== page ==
We Must Define the Debt We Are Talking About

Since writing my last post, I have come across even more on the topic of debt. Bible Money Matters has what I think is a great article on debt by Peter Anderson I like it for two reasons: Anderson defines the debt he is talking about and presents a balanced, thoughtful view on the topic.

Defining the Debt

Too often, debt goes undefined. There is a great difference between what is often called consumer debt (usually credit card debt from consumption – shopping, eating out, entertainment) and low interest debt (anyone know of a better name?). I lump things like housing, student loans, and even cars (Ferrari…not so much) into this category. For the most part, these assets appreciate (grow in value), with the exception of cars, or add to one’s earning potential. Furthermore, the interest on these items is low and often tax deductible, making the effective interest rate even lower. Its important not to lump these two kinds of debt together, as they are categorically different, both from a lifestyle and financial perspective. Consumer spending can be cut severely, so long as one is willing to limit one’s lifestyle, while things like housing, transportation, and education are both responsible uses of money and necessary for employment in our society. Financially, there is a huge difference between the 20-something percent of a credit card and the 4.5% of your typical home mortgage. The credit card debt is going to compound exponentially faster.

Bringing Balance to the Discussion

Anderson presents a well reasoned answer to the question: Is it acceptable for a Christian to take on any debt? In a nutshell, there is no Biblical basis for thinking that being in debt, or taking on debt is inherently sinful (click the link above to read his full explanation). Scripture warns us to be careful of the effects of too much debt, but never clearly outlines it as wrong. In addition to what Anderson writes, I would add that God provides provisions in Old Testament Law for people in debt. If debt is inherently wrong, wouldn’t God have commanded the Israelites to not take on debt (or, for the lender, to forgive it), rather than outline a method of repayment?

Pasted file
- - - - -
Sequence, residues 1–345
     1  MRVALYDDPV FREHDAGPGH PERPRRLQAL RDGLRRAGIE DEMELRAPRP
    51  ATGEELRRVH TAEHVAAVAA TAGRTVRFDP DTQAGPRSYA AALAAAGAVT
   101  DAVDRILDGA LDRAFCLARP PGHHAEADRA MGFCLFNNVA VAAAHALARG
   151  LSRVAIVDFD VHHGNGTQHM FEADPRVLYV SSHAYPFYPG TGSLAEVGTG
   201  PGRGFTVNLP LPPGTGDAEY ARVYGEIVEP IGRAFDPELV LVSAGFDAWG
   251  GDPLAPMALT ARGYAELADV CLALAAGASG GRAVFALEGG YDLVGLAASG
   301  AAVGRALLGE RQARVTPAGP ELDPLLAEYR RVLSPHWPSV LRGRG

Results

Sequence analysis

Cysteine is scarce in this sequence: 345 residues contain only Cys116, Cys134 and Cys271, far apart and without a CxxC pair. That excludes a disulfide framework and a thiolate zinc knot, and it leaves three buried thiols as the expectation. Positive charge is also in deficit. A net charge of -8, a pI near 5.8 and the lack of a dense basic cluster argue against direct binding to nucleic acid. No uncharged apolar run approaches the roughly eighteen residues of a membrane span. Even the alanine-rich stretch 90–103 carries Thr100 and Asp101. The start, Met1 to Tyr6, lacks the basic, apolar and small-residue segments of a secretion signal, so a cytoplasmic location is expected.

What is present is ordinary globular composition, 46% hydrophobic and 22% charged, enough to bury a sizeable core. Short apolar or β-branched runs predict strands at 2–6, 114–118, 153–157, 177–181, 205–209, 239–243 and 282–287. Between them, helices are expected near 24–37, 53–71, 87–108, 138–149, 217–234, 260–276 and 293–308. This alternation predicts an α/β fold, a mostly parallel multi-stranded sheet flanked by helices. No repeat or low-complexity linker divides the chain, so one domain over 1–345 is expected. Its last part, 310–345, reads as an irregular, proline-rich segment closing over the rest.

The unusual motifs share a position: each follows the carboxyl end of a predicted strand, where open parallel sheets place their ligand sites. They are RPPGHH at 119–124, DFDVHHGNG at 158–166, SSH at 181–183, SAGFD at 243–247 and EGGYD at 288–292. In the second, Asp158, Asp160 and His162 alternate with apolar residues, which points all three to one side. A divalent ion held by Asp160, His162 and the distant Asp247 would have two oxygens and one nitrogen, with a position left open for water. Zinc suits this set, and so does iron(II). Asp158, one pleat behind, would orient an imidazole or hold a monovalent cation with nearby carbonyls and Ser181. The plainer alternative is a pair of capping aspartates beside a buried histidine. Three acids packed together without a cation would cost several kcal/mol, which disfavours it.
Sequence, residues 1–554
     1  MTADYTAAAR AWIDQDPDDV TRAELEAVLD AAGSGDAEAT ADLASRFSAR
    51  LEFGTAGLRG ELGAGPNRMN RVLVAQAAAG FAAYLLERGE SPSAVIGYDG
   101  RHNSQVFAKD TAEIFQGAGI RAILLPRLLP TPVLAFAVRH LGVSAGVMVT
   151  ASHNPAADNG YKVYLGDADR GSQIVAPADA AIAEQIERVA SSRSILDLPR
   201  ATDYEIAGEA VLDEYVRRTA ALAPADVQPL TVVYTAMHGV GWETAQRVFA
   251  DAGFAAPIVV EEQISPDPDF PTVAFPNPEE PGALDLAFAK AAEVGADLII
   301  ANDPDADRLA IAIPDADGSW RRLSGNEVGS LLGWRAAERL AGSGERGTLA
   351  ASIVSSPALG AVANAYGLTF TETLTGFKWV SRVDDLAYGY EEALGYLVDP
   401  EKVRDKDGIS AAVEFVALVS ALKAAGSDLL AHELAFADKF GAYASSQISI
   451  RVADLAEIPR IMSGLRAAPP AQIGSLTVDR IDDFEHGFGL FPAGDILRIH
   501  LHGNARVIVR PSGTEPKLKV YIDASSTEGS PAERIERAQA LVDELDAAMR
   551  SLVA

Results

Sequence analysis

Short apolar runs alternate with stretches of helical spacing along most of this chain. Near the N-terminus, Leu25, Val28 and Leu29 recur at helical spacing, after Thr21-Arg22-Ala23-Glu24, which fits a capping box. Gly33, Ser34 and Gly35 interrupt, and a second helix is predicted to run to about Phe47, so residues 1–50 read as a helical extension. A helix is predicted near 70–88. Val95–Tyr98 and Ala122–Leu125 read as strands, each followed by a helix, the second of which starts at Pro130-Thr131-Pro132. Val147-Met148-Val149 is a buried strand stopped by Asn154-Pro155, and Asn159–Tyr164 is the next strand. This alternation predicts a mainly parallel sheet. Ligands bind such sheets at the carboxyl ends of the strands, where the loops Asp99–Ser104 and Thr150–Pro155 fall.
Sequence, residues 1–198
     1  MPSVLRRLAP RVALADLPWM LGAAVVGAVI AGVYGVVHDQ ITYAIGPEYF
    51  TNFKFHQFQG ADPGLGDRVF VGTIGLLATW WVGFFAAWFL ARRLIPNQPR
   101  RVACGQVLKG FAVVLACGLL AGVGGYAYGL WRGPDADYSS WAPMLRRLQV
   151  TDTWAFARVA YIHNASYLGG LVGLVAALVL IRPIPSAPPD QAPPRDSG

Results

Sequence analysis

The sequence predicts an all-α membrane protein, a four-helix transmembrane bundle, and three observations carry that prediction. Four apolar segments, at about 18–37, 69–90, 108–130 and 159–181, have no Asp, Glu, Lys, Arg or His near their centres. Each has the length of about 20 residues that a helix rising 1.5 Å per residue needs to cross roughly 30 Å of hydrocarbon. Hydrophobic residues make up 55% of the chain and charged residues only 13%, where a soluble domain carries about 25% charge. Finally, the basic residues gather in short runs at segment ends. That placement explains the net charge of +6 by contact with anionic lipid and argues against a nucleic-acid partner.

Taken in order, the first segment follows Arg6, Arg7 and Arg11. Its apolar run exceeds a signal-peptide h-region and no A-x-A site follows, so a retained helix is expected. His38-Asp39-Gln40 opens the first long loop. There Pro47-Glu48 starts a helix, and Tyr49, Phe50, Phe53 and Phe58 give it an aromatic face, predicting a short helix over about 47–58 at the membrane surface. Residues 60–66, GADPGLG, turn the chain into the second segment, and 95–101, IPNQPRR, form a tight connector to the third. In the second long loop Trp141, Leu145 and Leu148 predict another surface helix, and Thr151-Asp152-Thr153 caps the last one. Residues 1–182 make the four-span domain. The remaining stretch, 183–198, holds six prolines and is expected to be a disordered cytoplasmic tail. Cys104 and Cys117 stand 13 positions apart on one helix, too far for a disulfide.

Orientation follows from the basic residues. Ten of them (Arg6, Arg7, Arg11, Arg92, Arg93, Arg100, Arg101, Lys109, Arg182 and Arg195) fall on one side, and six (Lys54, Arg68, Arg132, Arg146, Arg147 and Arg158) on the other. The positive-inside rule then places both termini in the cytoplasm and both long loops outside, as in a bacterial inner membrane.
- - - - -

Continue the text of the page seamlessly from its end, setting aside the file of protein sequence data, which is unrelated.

Serving God, Rather than Money

At the end of the article, Anderson says this:

To me they key is that we shouldn’t allow ourselves to go into debt to the degree that it interferes with our service to God, and to the degree that becomes overpowering.  We should only use debt when absolutely necessary, and only when we can easily afford it.

I completely agree, but I do want to push back a bit here: If we’ve established that debt is not inherently sinful and that there are appropriate instances for it, why should we see it as a last resort as Anderson describes? Is it because it is too dangerous – its too risky that money will become our master instead of God? If the key is that we maximize our service to God (which I think we can all agree on), then what if we can actually use debt to facilitate our service to God? It sounds crazy, doesn’t it? I’m not suggesting we should, but could we? For example, what if we utilize student loan debt to deepen our education, either in Christian ministries or some other field, and then use that new understanding and societal position to further serve God. Could this be a valid case of using debt to actually enhance our view of God and our service to Him?

-N&$

Please share your comments below.

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5 thoughts on “We Must Define the Debt We Are Talking About

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  4. I agree. Most churches couldn’t purchase a building without going into debt. With their own building, churches can pursue more types of ministry.

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